We’ve been developing and improving DotNetBar for Win-Forms for last 6 years and soon we will be releasing new 7.0 release. Its a really big release with 6 completely new controls so I wanted to start a series of posts that cover all new features.

Today I’ll start with the  enhancements we made to the TextBoxX control that has been part of DotNetBar for quite some time. TextBoxX is the control that inherits from standard TextBox and adds the Office 2007 look and feel. What is special about this control is that it is not designed as most of other controls of this type. The most common thing that is done to provide the Office 2007 look and feel for text-box is to place it as child control inside of the UserControl, hide the text box border and draw the new border on user control. This approach is taken because it is the easiest to implement and requires least coding and testing.

Whats wrong with that you might ask? Well, nothing except that it is a resource hog. Instead of using one Window handle for text-box you are now using 2, one for text box and one for its parent user control. So if you have 40 text-boxes on your form, which is not uncommon, instead of 40 window handles you end up having 80.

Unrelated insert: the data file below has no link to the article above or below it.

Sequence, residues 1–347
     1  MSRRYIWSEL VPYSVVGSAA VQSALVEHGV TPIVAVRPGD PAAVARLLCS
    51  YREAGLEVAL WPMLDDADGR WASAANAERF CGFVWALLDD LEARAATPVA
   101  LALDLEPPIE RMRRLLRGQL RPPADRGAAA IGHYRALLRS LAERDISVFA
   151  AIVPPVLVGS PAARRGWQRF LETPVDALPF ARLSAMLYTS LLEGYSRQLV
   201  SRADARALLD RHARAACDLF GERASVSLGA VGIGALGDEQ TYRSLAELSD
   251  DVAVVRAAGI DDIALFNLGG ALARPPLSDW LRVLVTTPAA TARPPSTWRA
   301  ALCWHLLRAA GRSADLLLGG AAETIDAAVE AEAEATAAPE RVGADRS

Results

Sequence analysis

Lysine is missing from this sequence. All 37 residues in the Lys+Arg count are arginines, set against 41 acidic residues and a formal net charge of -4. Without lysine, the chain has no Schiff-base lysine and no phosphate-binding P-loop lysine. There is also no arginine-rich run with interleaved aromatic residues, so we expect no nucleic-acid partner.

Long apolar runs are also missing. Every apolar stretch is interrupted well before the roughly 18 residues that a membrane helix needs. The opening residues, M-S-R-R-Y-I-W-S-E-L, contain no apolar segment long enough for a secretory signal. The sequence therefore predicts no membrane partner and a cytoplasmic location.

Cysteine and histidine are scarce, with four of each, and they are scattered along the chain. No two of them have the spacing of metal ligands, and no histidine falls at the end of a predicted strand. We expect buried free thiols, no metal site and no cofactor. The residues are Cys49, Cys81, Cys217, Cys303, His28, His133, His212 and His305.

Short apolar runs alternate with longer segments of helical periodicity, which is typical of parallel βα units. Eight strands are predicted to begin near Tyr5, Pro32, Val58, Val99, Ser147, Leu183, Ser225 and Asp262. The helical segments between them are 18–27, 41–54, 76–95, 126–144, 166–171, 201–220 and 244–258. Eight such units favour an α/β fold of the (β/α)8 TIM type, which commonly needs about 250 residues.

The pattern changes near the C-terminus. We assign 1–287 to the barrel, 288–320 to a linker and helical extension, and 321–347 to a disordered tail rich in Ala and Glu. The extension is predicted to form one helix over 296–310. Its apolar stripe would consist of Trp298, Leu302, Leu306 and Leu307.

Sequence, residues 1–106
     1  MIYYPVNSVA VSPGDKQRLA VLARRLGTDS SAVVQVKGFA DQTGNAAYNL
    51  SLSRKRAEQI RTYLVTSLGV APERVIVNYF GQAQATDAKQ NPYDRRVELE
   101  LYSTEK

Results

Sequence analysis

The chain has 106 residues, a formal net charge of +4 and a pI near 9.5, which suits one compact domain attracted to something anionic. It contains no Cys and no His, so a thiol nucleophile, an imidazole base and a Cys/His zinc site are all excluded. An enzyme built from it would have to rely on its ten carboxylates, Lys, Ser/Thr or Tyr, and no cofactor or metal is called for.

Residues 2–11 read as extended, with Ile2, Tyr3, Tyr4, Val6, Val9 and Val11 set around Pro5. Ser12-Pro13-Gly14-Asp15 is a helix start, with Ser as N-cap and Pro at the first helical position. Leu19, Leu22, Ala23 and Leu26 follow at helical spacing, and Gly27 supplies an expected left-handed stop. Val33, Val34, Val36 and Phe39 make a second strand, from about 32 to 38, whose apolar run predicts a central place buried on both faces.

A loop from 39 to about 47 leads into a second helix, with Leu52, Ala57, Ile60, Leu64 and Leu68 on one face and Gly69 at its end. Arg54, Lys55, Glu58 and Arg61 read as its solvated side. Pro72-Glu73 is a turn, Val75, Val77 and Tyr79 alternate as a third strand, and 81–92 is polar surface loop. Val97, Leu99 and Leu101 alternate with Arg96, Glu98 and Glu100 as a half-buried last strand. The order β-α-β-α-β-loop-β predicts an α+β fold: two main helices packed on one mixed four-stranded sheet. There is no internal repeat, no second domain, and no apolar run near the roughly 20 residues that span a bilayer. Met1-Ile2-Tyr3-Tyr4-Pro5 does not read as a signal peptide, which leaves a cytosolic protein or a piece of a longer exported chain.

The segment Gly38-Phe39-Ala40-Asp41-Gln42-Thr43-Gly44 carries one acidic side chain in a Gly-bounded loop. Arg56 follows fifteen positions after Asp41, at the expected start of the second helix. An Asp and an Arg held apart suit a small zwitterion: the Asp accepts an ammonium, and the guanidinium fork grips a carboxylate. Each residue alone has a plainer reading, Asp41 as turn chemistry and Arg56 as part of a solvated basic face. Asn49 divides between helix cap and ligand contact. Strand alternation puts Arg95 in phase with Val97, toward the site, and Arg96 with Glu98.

Creating window handles is expensive. It will degrade the form loading time and it will slow down form painting. We wanted to avoid doubling the amount of window handles created for each text box so we’ve taken different approach that is far more work, but results in only single window handle per text-box.

Instead of parenting text box to user control, we inherit from the standard TextBox and process each Window message individually to provide custom borders, Office 2007 style scroll-bars and in 7.0 release custom buttons. With buttons that are part of text-box you can provide search, show dialogs, display popup menus, etc.

Below you can find couple of screenshots that show new TextBoxX custom buttons that are part of text box control. You simply enabled them using ButtonCustom and ButtonCustom2 properties. You can assign the image and text to each button. Best of all they do not consume additional windows handles and they look great. With couple of lines of code, as shown in screenshots below, you can easily popup the custom menu as well…

DotNetBar TextBox control with custom buttons

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